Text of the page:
Paul Henderson, the park's chief of interpretation, said Wall Arch collapsed sometime late Monday or early Tuesday.
The arch is along Devils Garden Trail, one of the most popular in the park. For years, the arch has been a favorite stopping point for photographers.
Henderson said the arch was claimed by forces that will eventually destroy others in the park: gravity and erosion.
"They all let go after a while," he said Friday.
He said it's the first collapse of a major arch in the park since nearby Landscape Arch fell in 1991. No one has reported seeing it fall.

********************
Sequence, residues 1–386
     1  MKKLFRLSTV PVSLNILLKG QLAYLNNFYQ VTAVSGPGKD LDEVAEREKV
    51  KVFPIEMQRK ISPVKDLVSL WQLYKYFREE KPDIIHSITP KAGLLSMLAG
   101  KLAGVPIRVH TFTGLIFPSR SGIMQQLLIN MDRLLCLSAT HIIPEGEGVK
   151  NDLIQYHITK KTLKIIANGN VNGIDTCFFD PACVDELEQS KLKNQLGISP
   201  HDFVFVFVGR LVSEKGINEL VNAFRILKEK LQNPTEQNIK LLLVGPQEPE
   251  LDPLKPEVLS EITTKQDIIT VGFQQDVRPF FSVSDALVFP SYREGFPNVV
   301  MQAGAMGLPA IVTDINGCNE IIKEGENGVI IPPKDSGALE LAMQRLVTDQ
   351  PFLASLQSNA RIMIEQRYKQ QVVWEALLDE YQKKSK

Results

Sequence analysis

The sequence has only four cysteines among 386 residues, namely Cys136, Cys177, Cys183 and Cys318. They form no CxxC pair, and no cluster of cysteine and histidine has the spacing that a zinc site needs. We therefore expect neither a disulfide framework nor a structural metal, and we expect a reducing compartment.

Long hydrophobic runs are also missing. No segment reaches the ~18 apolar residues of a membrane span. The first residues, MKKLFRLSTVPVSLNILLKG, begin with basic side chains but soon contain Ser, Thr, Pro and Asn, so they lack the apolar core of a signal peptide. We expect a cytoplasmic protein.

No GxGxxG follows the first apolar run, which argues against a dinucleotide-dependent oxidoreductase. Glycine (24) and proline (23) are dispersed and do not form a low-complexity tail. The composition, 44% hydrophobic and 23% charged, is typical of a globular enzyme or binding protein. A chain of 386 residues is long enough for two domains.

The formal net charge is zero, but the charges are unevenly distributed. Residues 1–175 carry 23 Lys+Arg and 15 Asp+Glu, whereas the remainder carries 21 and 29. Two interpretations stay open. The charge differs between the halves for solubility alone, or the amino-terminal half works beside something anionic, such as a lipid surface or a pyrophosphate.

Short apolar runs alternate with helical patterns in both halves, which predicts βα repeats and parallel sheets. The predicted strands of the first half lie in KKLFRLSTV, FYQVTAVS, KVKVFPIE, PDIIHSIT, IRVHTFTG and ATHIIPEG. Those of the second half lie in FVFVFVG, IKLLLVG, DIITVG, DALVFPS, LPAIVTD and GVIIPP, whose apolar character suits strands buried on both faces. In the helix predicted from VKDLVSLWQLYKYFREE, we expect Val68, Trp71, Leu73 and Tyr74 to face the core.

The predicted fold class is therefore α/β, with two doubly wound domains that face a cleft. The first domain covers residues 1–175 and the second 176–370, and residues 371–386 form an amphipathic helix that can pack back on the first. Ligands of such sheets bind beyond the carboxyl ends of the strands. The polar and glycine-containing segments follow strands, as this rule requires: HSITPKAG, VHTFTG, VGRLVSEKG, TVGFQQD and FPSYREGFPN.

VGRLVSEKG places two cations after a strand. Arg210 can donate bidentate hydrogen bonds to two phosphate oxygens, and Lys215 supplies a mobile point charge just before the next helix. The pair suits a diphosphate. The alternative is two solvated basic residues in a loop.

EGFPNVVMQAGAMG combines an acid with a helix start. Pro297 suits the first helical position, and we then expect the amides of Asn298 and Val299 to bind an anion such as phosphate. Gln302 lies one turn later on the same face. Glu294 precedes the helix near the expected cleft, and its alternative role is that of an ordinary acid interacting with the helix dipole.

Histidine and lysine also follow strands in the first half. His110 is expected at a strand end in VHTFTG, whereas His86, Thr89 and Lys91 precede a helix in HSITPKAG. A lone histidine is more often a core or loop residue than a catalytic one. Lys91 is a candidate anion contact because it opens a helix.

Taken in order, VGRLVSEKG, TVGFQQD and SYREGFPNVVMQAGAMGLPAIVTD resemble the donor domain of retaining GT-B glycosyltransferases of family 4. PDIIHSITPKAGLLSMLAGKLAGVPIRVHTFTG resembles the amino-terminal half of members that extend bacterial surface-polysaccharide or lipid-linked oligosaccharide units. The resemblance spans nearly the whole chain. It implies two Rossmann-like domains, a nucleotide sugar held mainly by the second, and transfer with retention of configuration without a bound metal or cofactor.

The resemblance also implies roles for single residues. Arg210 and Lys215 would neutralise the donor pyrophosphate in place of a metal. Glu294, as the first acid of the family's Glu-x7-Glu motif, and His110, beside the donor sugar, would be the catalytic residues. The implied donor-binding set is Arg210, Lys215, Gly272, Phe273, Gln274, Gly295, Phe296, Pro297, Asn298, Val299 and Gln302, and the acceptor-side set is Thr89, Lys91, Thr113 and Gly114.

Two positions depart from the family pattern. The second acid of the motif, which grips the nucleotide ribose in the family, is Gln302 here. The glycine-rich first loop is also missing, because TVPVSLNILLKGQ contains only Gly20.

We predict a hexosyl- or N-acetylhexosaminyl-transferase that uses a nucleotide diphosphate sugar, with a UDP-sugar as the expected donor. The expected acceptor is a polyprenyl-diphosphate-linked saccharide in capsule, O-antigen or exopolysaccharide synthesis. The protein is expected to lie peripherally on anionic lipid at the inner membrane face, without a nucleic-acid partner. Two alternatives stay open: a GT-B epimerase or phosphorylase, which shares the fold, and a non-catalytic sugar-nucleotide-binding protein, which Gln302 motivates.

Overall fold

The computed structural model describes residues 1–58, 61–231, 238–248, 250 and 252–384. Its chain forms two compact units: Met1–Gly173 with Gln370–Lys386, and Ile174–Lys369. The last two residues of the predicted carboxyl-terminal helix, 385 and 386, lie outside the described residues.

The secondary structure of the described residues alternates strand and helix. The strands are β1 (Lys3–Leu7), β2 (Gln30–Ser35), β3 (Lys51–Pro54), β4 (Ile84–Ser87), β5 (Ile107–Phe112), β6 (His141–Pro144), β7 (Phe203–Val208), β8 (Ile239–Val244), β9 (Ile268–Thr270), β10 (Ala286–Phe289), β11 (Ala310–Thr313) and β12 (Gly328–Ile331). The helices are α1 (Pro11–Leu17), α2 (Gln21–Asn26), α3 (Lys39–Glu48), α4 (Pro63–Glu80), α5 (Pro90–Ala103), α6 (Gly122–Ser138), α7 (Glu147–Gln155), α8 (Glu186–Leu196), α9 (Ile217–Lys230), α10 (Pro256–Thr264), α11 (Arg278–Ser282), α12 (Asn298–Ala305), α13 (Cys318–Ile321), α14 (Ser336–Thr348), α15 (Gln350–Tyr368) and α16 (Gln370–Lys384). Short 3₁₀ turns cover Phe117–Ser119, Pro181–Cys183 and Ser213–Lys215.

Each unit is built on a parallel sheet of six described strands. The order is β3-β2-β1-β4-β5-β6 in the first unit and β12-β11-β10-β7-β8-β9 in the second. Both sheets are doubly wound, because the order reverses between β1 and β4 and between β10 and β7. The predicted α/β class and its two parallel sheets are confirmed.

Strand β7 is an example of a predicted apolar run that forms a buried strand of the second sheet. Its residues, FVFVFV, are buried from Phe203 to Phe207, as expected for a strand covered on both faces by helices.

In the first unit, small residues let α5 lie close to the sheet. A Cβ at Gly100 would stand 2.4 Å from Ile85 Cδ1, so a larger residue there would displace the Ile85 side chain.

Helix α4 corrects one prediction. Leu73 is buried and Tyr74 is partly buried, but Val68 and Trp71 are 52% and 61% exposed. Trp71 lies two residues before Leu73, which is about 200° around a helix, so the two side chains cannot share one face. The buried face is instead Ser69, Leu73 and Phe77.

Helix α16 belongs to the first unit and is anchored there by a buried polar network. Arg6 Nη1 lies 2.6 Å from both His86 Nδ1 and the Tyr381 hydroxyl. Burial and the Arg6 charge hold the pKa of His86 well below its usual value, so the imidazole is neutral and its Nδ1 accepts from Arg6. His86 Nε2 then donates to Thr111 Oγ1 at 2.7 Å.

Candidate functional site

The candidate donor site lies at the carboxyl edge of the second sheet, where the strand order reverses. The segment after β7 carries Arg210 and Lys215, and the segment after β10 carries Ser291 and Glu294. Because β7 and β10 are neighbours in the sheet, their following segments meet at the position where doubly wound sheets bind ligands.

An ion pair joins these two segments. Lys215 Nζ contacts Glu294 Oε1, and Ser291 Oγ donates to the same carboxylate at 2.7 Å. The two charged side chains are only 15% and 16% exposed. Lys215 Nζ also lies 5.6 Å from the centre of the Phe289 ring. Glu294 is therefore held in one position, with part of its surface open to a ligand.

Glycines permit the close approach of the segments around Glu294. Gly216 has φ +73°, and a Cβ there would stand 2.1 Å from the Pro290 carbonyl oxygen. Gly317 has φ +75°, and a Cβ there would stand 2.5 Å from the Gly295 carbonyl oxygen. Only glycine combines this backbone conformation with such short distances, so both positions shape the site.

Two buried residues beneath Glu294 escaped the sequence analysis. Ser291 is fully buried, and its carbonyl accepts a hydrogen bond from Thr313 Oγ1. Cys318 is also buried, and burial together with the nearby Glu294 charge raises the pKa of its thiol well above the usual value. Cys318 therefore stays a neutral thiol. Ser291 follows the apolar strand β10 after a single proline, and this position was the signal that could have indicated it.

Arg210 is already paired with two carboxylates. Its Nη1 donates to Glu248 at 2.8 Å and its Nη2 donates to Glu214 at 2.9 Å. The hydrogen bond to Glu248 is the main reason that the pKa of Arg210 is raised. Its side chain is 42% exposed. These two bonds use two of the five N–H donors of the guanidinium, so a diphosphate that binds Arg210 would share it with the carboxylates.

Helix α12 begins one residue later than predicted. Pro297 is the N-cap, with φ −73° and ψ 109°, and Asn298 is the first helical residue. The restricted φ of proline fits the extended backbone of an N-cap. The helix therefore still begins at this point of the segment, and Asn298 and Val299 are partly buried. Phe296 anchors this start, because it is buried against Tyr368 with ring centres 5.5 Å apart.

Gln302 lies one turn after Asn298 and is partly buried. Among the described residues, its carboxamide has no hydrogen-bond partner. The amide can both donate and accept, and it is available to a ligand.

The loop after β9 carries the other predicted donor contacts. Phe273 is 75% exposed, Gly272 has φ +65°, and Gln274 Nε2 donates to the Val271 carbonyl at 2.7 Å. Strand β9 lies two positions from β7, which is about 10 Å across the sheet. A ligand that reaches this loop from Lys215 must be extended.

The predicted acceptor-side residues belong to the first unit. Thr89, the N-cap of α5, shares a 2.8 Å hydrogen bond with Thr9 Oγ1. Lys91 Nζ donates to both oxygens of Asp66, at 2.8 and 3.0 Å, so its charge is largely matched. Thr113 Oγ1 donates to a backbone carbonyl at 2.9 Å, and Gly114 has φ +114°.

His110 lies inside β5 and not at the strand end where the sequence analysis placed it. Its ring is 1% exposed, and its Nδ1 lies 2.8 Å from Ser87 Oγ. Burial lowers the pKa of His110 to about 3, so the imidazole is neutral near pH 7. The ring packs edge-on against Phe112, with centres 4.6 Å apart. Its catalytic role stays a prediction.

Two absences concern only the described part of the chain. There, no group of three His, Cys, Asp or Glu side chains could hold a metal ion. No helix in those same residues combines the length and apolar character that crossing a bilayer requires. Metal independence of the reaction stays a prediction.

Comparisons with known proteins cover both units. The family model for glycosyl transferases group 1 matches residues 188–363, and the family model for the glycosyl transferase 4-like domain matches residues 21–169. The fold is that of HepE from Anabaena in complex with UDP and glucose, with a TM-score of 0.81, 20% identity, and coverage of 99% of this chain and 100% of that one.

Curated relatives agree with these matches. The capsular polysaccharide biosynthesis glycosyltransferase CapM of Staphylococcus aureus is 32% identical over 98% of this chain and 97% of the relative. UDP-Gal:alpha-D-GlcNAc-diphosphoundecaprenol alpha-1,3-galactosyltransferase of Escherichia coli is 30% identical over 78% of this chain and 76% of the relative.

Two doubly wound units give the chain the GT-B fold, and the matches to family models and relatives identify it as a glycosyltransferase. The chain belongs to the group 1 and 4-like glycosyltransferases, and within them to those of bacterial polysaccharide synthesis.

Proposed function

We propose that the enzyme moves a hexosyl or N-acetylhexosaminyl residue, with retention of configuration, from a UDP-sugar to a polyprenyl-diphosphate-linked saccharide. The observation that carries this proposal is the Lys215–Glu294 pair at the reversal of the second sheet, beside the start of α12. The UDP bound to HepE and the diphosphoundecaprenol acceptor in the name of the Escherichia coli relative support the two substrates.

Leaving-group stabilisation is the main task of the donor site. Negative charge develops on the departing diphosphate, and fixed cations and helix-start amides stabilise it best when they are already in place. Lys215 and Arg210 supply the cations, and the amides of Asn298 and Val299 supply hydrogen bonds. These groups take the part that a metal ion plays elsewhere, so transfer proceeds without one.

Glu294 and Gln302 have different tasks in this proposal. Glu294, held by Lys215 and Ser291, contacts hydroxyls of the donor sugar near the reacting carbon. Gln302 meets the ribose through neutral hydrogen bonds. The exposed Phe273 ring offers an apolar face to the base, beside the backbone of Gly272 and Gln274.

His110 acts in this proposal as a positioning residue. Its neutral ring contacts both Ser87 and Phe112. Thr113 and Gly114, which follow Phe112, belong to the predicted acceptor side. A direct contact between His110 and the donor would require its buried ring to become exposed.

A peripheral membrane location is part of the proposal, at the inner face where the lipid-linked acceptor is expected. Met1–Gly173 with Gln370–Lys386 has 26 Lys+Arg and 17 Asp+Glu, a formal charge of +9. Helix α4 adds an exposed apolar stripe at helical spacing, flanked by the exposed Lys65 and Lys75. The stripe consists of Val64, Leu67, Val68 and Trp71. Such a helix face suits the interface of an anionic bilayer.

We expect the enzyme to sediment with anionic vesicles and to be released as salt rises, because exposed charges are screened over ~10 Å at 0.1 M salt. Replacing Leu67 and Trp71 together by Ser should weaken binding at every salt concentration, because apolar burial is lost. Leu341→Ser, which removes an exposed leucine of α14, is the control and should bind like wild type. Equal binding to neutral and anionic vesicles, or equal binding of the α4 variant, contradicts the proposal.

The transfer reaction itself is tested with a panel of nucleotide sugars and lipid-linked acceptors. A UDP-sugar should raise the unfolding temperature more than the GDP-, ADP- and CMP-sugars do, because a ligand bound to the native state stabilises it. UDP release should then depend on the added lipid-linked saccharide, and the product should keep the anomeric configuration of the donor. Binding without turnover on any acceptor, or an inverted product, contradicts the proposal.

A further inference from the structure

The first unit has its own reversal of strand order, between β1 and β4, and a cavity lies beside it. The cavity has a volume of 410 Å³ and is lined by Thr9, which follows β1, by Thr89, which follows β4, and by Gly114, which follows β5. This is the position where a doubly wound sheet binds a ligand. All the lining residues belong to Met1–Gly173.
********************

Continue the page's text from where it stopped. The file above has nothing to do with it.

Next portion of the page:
Like others in the park, Wall Arch was formed by entrada sandstone that was whittled down over time into its distinctive and photogenic formation.
The arch, first reported and named in 1948, was more than 33 feet tall and 71 feet across. It ranked 12th in size among the park's estimated 2,000 arches.
Rock has continued to fall from the remaining arms of the arch forcing the closure of a portion of the trail.
Officials from the National Park Service and the Utah Geological Survey visited the site Thursday, noting stress fractures in the remaining formation. The trail won't be opened until the debris is cleared away and it's safe for visitors, Henderson said.